Our little corner of the Battlefields Region of KwaZulu-Natal is over 1200 m (almost 4000 ft) in elevation, so even summer days can become chilly with cloud cover. As a surprise for my roommates, I decided to crochet them South African flag hats. I enlisted their wives as co-conspirators, who sent me gift certificates for yarn (fun fact: one of my co-conspirators is now my co-volunteer and roommate).

The temporary banner that became the pride of South Africa.

The temporary banner that became the pride of South Africa.

History of the Flag

Apartheid was abolished in the early 1990’s, and a new democracy needed a new flag. The current national flag was designed by South African State Herald Mr. Fred Brownell, and was first used on 27 April 1994, just in time for the first racially inclusive national elections. It was intended to be an interim flag, adopted at the last second. However, it proved to be so popular that it was adopted officially in the final draft of the Constitution in 1996.

Symbolism

The green “Y” represents the convergence of diverse elements within South African society, taking the road ahead in unity. The colors of the flag mean many things to many different people, so there is no universal symbolism assigned to them. Black, green, and yellow are from the banner of the African National Congress, while red, white, and blue are from the Dutch tricolor and British Union flag.

Crochet

Tom's toque before stitching it together. Alas and alack, I never got a photo of the handsome Colonel in the finished product.

Tom’s toque before stitching it together. Alas and alack, I never got a photo of the handsome Colonel in the finished product.

I chose to use slip stitch in the back loop (sl blo).  It’s not as fast as single crochet, but the fabric makes beautiful stripes and is super stretchy.  To make the hats, I crocheted two flags, sewed the long edge together to make a cyllinder, put the black triangles on the brim, and sewed the striped ends together at the crown in 6 short seams.  You could also gather the crown end together instead of sewing seams, but you need to cover the top with a small circle or a pom pom.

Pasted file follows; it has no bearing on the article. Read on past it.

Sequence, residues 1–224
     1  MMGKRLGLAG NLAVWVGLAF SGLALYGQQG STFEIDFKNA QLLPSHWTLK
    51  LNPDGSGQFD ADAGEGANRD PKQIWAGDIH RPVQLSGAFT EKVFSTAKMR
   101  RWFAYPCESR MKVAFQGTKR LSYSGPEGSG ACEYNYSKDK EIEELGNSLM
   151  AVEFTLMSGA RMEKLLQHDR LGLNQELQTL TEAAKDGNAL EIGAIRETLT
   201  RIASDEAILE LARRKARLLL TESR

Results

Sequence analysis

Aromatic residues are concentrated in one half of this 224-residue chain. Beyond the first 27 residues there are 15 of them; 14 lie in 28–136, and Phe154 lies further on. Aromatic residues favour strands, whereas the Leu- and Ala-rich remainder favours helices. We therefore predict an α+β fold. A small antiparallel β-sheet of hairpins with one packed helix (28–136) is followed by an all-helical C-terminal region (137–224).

The best spot for drying the washed crocheted piece. Until the wind picks up.

The best spot for drying the washed crocheted piece. Until the wind picks up.

A hat flag will not have the same aspect ratio as the actual flag, but the important detail is to get the stripe ratios correct.  One-third of the flag width is blue, one-third is red, and the middle one-third is green and white.  The tail of the green “Y” is at least three-fifths of the middle stripe.  Each white stripe is one-fifth of the middle stripe, optimally 4 stitches.  The yellow stripe is the same width as the white.  The most difficult decision is how tall to make the black triangle; if it is too large, it will dominate the entire design.  Use graph paper to make a sketch, keeping in mind that slip stitches are flat while single crochet stitches are almost square.

Mike's hat--before it became a neck warmer.

Mike’s hat–before it became a neck warmer.

Regardless of what stitch you use, the most important step is to correctly measure your gauge.  For the first hat I crocheted, I made the gauge swatch early in the morning.  I am not a morning person.  When I finished Mike’s hat, it was HUGE!  Mike now has a lovely neckwarmer.  Tom’s hat had much more accurate dimensions.

For both Mike and Tom,  I used “Joy” by African Expressions, a lovely mohair-wool-acrylic blend, made in South Africa.  The mohair does make it difficult to frog your stitches if you make a mistake, however (“rip-it, rip-it!”).  I got it from Craft & Yarn online.  They make gift cards very easy, but the website is currently under re-construction.

John sports his 3-country Peace Corps hat.

John sports his 3-country Peace Corps hat.

Those of you who know John will know he’s a special case (in the best ways possible).  His sensitive skin required a 100% acrylic yarn:  Elle’s Family Knit DK.  Since South Africa is his third country of Peace Corps service, he requested Tanzanian and Liberian flags in addition to the South African flag.  He also got a brim and a fantastic pom-pom.

Proudly stitching the colors of Liberia and Tanzania.

Proudly stitching the colors of Liberia and Tanzania.

If you or a loved one would like a South African flag toque, you can find instructions on my Crochet Patterns page.  Happy hooking!

Advertisements